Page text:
The decision to separate J.K. Rowling's final tome into two separate features was initially met with controversy, some saying that it was a flimsy ploy by studio Warner Bros. to eke out one extra surefire cash boon from audiences and others arguing that a single regular-lengthed movie would severely compromise the adaptation of its source material. In this reviewer's opinion, the most ideal compromise would have been to not chop the finale into two, but to tighten and judiciously trim the fat away from 2010's occasionally meandering "Harry Potter and the Deathly Hallows Part 1" and combine it with "Harry Potter and the Deathly Hallows Part 2" for a staggering three-hour-plus epic. Viewers who regularly see all the "Harry Potter" films would not have complained about the extended running time and it would have sent things out on the strongest, most replete high possible. By chopping the last book into two pictures, each one only tells half of a story and lacks a three-act structure. It is a testament to the creative assuredness and artistry involved that, even taking into account this hindrance, "Harry Potter and the Deathly Hallows Part 2" stands as a mesmerizing, affecting, never less than riveting accomplishment.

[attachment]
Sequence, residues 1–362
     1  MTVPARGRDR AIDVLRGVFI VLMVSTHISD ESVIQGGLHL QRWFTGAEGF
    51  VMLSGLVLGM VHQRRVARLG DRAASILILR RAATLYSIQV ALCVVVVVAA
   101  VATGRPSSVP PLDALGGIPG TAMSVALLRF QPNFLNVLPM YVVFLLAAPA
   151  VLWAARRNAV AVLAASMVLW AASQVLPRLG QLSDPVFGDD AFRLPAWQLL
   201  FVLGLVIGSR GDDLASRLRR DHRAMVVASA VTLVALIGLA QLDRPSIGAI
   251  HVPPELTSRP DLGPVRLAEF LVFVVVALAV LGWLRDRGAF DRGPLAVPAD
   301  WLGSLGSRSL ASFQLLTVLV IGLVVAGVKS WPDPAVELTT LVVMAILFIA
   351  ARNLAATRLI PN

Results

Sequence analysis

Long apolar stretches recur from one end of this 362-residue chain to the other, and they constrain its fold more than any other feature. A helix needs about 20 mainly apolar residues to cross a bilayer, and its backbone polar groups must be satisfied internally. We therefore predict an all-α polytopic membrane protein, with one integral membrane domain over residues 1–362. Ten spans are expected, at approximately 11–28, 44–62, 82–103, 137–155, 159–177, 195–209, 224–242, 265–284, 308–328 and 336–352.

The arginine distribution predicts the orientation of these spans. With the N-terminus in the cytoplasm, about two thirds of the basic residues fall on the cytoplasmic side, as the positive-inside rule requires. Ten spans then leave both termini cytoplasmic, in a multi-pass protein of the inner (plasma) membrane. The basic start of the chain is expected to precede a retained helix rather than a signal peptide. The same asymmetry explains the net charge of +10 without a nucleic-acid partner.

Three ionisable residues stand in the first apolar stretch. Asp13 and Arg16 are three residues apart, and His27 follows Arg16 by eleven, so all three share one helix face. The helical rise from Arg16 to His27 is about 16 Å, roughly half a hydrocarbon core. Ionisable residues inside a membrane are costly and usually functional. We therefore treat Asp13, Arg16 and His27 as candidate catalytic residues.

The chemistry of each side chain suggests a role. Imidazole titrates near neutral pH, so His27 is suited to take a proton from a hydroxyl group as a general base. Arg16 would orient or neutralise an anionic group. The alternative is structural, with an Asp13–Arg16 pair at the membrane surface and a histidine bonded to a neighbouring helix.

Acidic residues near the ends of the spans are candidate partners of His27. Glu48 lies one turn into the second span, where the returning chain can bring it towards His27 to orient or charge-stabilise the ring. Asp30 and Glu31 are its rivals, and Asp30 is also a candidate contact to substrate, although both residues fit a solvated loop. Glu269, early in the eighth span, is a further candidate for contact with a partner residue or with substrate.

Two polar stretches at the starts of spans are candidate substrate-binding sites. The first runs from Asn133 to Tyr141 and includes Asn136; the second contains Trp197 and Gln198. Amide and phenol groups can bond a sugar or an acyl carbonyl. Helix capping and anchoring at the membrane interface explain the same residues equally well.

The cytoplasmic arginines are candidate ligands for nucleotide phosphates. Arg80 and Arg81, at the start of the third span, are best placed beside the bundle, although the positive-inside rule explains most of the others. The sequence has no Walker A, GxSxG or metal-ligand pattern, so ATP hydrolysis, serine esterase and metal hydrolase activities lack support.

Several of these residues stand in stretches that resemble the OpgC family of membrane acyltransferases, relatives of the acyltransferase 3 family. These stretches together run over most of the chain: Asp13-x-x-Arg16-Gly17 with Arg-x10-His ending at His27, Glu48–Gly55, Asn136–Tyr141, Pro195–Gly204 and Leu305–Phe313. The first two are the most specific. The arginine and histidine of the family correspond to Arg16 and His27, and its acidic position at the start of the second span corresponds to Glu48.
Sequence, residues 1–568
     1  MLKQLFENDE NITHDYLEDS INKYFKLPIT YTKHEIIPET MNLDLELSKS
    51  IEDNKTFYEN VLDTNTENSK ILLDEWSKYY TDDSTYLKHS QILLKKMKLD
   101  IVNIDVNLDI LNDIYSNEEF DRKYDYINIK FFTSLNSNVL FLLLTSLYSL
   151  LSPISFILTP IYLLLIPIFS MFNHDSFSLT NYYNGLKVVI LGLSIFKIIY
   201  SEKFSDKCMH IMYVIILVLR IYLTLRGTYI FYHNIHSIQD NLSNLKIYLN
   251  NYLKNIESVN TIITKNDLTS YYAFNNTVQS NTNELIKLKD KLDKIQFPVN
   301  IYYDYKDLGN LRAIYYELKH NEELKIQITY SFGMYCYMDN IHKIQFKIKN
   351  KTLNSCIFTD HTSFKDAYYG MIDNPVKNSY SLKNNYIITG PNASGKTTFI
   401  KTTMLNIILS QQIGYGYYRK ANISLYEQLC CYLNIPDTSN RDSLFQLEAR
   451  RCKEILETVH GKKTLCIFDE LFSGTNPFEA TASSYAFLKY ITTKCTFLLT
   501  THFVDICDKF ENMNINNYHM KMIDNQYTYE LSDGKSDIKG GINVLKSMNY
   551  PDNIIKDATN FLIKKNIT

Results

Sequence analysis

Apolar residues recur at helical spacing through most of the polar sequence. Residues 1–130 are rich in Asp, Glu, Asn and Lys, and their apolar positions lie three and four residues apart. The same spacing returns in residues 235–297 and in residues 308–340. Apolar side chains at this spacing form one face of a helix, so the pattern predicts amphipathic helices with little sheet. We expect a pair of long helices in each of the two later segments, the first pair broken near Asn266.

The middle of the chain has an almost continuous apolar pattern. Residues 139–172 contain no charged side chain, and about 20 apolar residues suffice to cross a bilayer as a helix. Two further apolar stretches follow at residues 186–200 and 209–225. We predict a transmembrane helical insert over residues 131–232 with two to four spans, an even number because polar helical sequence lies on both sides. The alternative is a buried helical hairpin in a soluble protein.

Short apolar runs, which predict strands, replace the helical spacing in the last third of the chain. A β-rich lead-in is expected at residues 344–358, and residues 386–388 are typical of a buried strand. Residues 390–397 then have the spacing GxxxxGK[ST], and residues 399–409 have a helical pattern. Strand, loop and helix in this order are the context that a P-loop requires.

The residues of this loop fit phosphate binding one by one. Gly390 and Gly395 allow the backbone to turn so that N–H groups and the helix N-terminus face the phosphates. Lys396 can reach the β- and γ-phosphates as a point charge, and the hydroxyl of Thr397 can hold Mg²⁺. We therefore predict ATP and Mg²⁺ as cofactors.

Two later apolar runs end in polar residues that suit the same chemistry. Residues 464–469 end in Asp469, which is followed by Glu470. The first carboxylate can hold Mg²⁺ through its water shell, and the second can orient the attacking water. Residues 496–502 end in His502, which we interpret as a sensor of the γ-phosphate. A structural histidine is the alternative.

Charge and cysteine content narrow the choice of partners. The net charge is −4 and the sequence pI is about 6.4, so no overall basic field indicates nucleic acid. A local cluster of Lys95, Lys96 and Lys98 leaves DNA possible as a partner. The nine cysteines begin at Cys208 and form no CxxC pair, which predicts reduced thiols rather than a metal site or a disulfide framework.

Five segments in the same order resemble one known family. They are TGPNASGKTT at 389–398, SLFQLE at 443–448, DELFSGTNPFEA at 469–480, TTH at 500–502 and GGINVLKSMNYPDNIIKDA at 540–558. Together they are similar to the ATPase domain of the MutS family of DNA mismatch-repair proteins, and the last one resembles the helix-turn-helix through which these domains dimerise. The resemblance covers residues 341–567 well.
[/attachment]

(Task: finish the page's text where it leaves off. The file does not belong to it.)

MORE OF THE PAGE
Returning director David Yates and screenwriter Steve Kloves are in top form, their exquisitely in-tune, humane work destined to go underappreciated because they make their jobs seem so deceptively easy. If the previous picture—for all intents and purposes, the first half of the story—was more focused on setup and character-oriented moments of soul-searching, "Harry Potter and the Deathly Hallows Part 2" cuts almost immediately to the chase. Dizzying, massively-scaled action set-pieces pile on top of each other without a second to lose, and, indeed, this is one film where not a sliver of footage could afford to be lost. Besides showing up someone like Michael Bay at every turn, masterminding and choreographing excitement in a classical, spatially coherent way that builds tension, never grows confusing or aesthetically chaotic, and actually achieves, you know, excitement, David Yates never misplaces the urgency and empathy within his characters' inner beings. The "Harry Potter" series has worked as spectacle, to be sure, but beside that—and first and foremost—has been a tale about people rather than things. Take away the literal magic and the viewer is still left with a poignant fable of a boy growing into a man while learning about some uncommonly daunting responsibilities that have been fated to fall on his shoulders. He may have special powers, but none of them make him immune from the very real pains and longings of adolescence. This quandary has been building over time, steadily and surely, and it is in this finale that things boil to a head. For Harry, for his friends and classmates and teachers, the time has come to make the crucial decisions that will decide the course of their lives.